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May 20, 1939

Bacteriology for Medical Students and Practitioners

JAMA. 1939;112(20):2088. doi:10.1001/jama.1939.02800200086032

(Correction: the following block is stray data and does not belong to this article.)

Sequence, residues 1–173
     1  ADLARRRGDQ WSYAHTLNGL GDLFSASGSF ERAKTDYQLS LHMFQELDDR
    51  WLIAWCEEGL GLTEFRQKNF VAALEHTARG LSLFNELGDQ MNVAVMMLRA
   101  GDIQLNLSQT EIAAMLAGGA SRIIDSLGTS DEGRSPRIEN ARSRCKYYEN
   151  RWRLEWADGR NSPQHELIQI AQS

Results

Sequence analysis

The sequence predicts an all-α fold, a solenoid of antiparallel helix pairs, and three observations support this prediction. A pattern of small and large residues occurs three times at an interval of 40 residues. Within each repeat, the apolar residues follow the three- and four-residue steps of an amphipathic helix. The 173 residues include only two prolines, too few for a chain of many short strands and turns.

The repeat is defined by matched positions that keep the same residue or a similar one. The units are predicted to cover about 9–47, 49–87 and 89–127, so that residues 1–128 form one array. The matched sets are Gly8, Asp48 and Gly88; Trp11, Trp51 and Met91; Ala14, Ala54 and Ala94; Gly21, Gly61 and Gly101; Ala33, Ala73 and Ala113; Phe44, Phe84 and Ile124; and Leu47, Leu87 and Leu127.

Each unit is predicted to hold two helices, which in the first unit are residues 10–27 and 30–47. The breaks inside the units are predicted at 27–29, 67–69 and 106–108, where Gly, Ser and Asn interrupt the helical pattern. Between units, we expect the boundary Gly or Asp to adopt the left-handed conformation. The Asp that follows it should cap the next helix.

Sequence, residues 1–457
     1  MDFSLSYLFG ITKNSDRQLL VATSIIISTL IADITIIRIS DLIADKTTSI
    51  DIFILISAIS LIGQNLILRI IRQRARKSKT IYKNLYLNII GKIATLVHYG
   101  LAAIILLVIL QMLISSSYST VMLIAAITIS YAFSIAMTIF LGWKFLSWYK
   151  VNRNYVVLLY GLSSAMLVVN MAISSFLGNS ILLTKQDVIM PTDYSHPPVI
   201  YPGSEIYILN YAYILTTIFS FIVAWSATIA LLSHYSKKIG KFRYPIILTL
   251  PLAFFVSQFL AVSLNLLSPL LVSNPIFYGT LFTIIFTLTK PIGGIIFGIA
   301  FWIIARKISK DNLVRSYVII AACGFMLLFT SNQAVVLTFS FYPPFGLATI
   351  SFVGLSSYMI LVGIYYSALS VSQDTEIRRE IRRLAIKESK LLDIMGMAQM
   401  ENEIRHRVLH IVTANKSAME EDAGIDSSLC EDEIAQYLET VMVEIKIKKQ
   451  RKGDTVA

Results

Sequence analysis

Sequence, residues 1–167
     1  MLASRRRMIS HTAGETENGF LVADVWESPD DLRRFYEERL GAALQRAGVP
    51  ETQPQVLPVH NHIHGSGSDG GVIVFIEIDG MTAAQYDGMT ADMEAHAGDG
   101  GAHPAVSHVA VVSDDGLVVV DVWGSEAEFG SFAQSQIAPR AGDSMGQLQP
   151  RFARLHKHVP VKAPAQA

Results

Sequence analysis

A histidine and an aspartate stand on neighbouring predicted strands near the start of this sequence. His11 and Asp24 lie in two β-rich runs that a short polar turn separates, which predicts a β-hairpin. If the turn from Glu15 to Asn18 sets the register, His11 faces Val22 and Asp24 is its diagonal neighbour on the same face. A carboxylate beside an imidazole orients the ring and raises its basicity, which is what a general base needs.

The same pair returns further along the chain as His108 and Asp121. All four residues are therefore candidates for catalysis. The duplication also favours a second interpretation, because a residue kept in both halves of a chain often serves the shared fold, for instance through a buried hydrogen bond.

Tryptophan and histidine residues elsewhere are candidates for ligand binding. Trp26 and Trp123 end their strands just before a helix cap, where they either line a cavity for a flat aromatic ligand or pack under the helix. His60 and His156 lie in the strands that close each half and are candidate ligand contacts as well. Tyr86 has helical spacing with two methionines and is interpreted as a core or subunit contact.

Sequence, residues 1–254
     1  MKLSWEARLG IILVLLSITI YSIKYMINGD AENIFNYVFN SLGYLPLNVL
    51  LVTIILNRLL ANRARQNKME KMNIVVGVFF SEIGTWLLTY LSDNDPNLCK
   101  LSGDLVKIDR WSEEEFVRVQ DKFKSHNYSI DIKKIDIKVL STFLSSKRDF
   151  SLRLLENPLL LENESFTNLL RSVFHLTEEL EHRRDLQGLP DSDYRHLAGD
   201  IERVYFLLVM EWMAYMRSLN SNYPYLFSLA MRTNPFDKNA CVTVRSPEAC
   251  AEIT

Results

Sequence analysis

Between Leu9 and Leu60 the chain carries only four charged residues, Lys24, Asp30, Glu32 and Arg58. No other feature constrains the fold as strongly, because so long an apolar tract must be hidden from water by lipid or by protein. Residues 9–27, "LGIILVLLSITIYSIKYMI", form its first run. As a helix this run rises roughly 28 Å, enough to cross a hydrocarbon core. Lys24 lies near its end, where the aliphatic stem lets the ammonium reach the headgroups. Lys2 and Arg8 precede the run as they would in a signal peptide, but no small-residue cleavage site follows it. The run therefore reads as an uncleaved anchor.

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This pocket size book is well written and is in accordance with current thought in the field of bacteriology. A systematic and rational nomenclature has been followed which arranges the various kinds of bacteria in as many broad groups of genera as there are clear and constant group differences. In place of the indefinite names, such as Bacillus welchii and Bacillus melitensis, the author uses Clostridium welchii, Brucella melitensis, Pasteurella pestis and so on, names which differentiate and place each of the species in a definite group. Numerous tables separate species of like organisms. Particular attention is given to the practical interpretation of laboratory tests. The author feels that a knowledge of the contents of his book, supplemented by practical work and lectures, will sufficiently equip a student for the bacteriologic aspect of medical practice, although wider reading is advocated, especially on parts of the subject the student finds most

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